This is an ideal introduction to modern biblical studies. Readers are introduced to questions of inspiration, canon and authority. This is followed by chapters on historical approaches to the Bible, such as source, form and redaction criticism. Comparisons with other literature, such as ancient flood stories or Egyptian psalms help to set the context for this. Moyise also asks such questions as 'How did we get the Bible?' and, 'why do modern versions of the Bible differ among themselves?'
Moyise considers a number of approaches to the Bible. Beginning with literary criticism, he shows how texts 'speak' to readers and influence their attitudes, emotions and behaviour. This is followed by liberation, feminist and finally a variety of theological approaches used by those who consider the Bible to be sacred scripture.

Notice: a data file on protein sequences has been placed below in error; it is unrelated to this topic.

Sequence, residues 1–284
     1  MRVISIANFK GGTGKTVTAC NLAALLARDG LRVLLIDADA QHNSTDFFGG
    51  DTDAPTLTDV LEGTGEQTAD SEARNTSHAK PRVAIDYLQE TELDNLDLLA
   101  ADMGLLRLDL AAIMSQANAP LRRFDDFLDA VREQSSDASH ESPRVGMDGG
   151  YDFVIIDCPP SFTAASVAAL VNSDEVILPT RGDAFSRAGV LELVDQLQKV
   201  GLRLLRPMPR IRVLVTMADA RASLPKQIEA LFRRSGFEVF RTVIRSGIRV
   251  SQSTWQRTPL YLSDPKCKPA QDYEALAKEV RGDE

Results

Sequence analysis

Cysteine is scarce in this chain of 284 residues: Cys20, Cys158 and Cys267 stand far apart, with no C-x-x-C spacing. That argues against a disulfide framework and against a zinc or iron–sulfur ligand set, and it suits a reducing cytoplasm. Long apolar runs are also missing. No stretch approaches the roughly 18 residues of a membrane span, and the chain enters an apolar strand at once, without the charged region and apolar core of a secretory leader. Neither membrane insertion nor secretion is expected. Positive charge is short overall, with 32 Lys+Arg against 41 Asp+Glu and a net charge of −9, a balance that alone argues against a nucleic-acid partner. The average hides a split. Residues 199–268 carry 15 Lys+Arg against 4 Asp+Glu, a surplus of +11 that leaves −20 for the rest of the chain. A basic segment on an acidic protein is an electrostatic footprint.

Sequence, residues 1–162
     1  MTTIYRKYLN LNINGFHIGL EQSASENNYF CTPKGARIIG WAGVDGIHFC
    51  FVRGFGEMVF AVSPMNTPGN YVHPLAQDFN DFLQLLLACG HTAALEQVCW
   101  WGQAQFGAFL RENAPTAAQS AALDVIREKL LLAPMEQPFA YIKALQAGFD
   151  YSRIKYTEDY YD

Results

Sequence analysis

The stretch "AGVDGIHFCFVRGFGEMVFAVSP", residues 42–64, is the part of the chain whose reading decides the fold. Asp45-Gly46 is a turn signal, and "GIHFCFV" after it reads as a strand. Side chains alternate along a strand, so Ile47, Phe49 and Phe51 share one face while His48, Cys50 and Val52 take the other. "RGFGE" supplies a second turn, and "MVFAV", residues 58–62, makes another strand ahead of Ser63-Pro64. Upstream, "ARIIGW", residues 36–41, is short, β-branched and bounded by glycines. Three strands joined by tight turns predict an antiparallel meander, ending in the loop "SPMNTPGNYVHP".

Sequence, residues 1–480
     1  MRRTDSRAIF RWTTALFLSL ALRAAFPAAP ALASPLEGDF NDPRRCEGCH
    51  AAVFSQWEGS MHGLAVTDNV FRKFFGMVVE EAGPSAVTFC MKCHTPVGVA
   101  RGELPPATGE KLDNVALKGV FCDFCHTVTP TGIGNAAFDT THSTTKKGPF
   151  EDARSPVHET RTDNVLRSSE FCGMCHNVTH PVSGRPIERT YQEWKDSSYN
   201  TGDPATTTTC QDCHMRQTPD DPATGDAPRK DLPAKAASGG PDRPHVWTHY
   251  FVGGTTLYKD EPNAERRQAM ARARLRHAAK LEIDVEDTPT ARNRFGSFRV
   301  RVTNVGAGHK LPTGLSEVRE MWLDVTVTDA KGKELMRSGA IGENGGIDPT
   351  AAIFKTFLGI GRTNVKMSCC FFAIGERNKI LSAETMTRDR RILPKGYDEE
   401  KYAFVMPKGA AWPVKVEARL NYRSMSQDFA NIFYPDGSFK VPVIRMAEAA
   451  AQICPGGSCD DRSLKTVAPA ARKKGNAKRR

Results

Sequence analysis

For the third edition Moyise has added two sections, one giving a basic outline of the biblical story together with a timeline and key dates, and another on dating the New Testament.
Steve Moyise is Professor of New Testament at the University of Chichester and author of The Old Testament in the Book of Revelation (1995) and The Old Testament in the New (Continuum, 2001). He is the series editor of The T&T Clark Approaches to Biblical Studies.
Foreword by Frances Young Preface to the Third Edition Abbreviations God and the Bible Historical Approaches: The Search for Sources Historical Approaches: The Search for Context Historical Approaches: The Search for Intentions Historical Approaches: The Text of the Bible Literary Approaches: How do Texts Affect Readers? The Role of Readers: Gender, Ethnicity and Social Location The Role of Readers: Reading Against the Grain Theological Approaches Appendix Bibliography Indexes